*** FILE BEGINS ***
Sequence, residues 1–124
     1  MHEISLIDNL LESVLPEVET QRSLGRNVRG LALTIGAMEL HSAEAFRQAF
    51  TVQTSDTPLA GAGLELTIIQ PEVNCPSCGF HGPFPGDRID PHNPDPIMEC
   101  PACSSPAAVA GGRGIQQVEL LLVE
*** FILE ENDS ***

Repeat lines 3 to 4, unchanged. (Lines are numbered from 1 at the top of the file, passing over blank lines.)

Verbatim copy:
    51  TVQTSDTPLA GAGLELTIIQ PEVNCPSCGF HGPFPGDRID PHNPDPIMEC
   101  PACSSPAAVA GGRGIQQVEL LLVE